You work hard to grow your business, so you want it to continue long after you’re not around. That’s why you should put thought into estate planning. It helps you designate your responsibilities to the right person and determine who will inherit your assets.

You should inventory your assets and account for your family’s needs to develop the right plan. Be sure to consider legal directives, such as a trust, medical care directive, and power of attorney. Also, review your beneficiaries and understand your state’s estate tax laws.

Your Business Launch

When ready to launch your business, there are some key aspects you should take into account during financial planning:

Income Projections

Make income projection statements for about a year. Be sure to subtract the anticipated expenses for that period. This helps you figure out how much money your business will generate, allowing you to plan accordingly and identify ways to achieve the projections.


What equipment will your business need? This can be computers, office machines, machinery, furniture, vehicles, and electronic devices. Be sure to account for the cost of such equipment, particularly for those items that you’ll regularly need, such as office supplies.


You should always take stock of your inventory. This generally includes raw materials, finished goods, and goods in production. Good inventory management helps to reduce costs, improve cash flow, and boost your bottom line. Bear in mind that your inventory management will evolve as your business grows.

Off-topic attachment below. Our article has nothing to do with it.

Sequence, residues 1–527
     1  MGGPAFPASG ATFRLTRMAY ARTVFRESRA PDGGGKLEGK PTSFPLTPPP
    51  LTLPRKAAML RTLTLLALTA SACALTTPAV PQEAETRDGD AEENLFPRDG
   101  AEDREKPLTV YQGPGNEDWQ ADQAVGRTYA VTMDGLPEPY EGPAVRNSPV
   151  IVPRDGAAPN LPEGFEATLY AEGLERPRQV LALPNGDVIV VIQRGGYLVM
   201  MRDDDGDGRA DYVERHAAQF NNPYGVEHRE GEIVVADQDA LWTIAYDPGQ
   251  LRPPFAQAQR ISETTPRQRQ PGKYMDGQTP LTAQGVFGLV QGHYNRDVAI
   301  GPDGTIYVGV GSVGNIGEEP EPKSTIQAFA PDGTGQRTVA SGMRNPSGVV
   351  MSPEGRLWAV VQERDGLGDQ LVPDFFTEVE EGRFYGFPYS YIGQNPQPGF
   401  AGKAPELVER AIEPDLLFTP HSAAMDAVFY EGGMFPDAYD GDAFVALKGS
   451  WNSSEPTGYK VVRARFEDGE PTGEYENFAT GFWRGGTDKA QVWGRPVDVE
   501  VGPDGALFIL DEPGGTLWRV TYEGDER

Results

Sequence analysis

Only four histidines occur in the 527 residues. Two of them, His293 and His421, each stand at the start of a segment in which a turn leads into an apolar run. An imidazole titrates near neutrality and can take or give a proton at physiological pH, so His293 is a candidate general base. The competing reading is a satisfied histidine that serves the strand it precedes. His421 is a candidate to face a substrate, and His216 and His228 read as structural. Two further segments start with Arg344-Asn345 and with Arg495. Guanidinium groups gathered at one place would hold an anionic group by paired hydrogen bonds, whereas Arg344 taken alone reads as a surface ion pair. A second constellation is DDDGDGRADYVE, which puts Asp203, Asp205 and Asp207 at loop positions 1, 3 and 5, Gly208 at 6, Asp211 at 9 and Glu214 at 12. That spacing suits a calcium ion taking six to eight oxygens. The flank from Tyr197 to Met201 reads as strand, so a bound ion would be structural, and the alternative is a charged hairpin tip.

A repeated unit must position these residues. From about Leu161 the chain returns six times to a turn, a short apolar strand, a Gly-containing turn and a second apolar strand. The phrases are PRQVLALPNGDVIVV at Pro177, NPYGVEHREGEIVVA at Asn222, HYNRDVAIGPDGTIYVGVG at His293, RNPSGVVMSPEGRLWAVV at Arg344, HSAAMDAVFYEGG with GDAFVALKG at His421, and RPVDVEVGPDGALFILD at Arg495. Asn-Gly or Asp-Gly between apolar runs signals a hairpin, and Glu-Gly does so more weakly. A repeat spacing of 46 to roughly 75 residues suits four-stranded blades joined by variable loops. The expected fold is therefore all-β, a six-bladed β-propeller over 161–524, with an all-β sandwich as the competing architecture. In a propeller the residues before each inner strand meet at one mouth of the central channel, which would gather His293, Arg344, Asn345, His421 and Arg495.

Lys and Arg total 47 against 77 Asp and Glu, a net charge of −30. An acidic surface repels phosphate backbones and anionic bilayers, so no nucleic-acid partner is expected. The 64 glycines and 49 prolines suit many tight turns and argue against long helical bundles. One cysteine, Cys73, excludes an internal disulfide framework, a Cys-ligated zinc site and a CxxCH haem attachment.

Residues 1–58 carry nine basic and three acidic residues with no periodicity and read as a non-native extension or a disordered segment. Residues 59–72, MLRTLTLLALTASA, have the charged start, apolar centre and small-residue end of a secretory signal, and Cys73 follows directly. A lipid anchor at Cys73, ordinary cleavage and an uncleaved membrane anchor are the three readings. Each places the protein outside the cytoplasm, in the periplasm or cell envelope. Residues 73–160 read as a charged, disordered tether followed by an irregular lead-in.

You should have a complete list of all your employees, freelancers, or contract workers. Remember you have to pay them accurately and on time. Take into account their deductions, net pay, wages, bonuses, and salaries. Investing in a software program can help simplify the process.


You need to file an annual income tax return with the IRS. If you’re a sole proprietorship, you can use the Schedule C attachment or Form 1120 to report your income and expenses. You can also use the attachment if your business runs as an LLC. Pay attention to deadlines to avoid fines, which will cost your business even more.

Business Insurance

You’ll also need an insurance policy for your business, and that’s why it’s vital to calculate your startup business insurance costs. The cost varies depending on your industry, business size, and coverage. Most small businesses pay about $600 per year, and larger businesses can pay up to $5,000. Be sure to factor in your insurance costs in your financial planning.

A Plan for Your Business

The success of any business hinges on its financial health. As such, you need to invest in financial planning to support the needs of your business. The process is continuous, and you can make changes as needed to meet your goals. As you grow, finances will become less stressful and allow you to focus on other components of your business.

Also Read: Financial Planning for Entrepreneurs Starting Their Own Business